Interestingly, her comment, “At this level” is a fine example of a hegemonic discourse wherein the stereotypical approach to a genre is used to enforce compliance and conformity to the micro-culture of academia. It could potentially allow valid ideas to be punished through the grading system because of a pretext – the manner in which they are presented – when in fact the issue could be that they don’t toe the academic line. I work in tertiary education and firmly believe it should not restrict dissent and the questioning of its own norms. This reminds me of Paul’s letter to the church in Rome, 12:2, wherein he said, “Do not  let the world squeeze you into its own mould.” That’s the J B Phillips translation. Tertiary education is about encouraging thinking free of a mould. At a master’s level, I’m back to thinking within the box, like school.

Part 3 is the socio-cultural aspects of the rise of English as the world’s second language – navel gazing for applied linguists so no assessment needed. Actually, I found this section a little uncomfortable – it reminded me of working for the British Council where they expected us to be promoting Britain, rather than presenting the culture and leaving the students to form their own opinions.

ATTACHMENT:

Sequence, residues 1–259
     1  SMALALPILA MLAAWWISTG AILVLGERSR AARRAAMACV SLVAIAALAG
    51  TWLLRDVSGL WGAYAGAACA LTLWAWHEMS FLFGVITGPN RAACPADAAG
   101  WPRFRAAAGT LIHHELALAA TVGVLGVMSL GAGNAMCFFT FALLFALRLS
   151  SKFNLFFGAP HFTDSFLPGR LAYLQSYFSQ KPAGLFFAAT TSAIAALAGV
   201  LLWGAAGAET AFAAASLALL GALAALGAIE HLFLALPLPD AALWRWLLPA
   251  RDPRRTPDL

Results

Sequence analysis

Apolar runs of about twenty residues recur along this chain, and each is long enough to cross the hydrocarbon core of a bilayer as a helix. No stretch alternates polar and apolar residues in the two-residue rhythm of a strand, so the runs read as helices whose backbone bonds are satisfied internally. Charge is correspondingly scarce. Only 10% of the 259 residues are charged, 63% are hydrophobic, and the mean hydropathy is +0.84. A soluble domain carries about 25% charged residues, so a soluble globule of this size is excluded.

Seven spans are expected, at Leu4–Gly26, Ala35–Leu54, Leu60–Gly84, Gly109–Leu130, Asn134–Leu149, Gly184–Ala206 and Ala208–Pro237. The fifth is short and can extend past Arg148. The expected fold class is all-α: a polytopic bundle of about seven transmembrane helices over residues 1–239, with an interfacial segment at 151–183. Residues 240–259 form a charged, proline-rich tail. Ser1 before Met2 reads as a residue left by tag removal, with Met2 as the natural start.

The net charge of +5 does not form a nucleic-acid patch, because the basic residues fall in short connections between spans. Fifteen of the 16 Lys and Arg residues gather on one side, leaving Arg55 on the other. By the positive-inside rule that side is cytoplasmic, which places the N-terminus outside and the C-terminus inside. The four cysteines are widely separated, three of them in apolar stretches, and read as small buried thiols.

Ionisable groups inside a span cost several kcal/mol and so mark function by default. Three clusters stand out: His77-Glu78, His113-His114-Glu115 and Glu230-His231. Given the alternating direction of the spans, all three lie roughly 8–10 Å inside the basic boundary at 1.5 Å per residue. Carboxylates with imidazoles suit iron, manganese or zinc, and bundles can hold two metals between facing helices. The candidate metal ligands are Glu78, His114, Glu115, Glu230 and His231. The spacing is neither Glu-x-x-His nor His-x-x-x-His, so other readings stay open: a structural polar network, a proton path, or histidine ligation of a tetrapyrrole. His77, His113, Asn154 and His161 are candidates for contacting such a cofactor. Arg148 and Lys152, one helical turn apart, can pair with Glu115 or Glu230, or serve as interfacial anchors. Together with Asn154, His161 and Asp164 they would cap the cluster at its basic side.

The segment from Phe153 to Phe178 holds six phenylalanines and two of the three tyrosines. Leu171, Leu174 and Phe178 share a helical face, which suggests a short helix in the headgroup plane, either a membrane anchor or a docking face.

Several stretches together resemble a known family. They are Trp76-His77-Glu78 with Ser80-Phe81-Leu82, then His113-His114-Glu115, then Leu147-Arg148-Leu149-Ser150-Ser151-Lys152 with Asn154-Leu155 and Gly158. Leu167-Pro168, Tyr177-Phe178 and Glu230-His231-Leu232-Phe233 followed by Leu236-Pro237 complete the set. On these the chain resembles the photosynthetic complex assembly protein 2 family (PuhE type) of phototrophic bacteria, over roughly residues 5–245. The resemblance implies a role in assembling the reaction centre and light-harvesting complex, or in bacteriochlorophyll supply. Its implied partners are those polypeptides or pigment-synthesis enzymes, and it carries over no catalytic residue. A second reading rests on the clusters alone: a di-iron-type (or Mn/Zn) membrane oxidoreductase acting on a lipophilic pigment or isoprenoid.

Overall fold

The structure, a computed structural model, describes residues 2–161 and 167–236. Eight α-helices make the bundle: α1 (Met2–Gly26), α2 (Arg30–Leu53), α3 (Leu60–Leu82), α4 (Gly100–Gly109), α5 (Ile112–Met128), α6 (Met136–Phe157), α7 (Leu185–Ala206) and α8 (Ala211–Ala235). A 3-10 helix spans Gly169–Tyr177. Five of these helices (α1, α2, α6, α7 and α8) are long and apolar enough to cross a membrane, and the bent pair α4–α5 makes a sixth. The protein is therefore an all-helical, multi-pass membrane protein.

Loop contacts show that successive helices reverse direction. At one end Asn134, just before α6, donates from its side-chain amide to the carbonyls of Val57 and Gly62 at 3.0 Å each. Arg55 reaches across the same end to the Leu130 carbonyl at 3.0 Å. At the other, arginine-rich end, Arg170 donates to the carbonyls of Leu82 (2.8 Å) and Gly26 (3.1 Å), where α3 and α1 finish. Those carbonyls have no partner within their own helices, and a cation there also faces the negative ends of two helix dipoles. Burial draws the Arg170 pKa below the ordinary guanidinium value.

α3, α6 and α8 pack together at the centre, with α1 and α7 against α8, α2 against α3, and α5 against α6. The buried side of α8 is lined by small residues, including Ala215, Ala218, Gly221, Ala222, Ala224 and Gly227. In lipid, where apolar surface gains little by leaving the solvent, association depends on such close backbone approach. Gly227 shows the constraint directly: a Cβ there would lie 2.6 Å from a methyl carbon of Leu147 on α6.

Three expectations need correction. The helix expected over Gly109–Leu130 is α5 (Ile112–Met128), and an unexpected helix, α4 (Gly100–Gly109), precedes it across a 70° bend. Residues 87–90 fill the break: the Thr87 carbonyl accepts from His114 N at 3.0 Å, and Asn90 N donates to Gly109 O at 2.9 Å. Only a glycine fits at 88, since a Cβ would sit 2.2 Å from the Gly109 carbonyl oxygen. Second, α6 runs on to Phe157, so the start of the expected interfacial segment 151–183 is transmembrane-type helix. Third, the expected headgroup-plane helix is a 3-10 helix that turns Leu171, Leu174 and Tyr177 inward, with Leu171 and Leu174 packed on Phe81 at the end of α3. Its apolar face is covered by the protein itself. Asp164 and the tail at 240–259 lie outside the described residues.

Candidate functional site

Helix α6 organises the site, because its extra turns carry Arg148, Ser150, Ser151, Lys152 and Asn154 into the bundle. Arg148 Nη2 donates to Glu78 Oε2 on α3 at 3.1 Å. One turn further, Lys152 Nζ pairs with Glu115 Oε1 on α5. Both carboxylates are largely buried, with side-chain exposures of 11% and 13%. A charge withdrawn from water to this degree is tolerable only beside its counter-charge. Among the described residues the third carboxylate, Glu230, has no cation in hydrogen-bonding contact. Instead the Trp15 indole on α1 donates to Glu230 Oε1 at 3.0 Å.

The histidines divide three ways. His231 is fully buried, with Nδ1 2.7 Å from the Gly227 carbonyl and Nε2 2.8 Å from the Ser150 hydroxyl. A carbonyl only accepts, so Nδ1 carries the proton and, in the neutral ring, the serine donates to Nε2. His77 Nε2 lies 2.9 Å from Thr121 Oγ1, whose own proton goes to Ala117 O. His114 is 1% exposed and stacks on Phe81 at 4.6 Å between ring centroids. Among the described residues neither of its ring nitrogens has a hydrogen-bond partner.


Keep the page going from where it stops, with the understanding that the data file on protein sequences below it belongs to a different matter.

Part 4 looks at using Halliday’s Systemic Functional Linguistics to examine texts and this section is really the focus of the course because it is what must be used in the final course assessment and I’ll be using it in my EMA too. It’s a laborious and exhausting way to classify and examine language, but it is useful and the course should have focused on this much more I think.

The last two parts look at Critical Discourse Analysis (the political side of applied linguistics) and Ethnography (simplistic analysis of people’s opinions). However, since they don’t form any part of the assessment system, and don’t look useful to an apolitical person with too little time to worry about the deeper cultural implications of learning, I skimmed them.

E854 was interesting because I’m an English teacher, but disappointing because apart from SFL, it wasn’t practical enough.

E891 Educational Enquiry

Part 1 is about the diversity of educational research and the factors influencing its development. I say factors but really there is only one – funding. It also gives an insight into the baggage that educational research carries – its roots in psychology.

Part 2 is looking at the philosophies that have come to dictate how and why research is carried out. It’s a jargon storm of epistemological proportions.

Part 3 is finally something semi-useful – designing a research project. Only semi – just talk, not action

Part 4 is about looking at data, but it doesn’t give enough meat about instrument design to be useful

Part 5 is criticising others research. I don’t need encouragement eh.

And, that’s it. MA in Education done. By the numbers it’s almost 3 years, 45,000 words and £5,400.


To get a second MA, I only need to do one more module – H817. See above.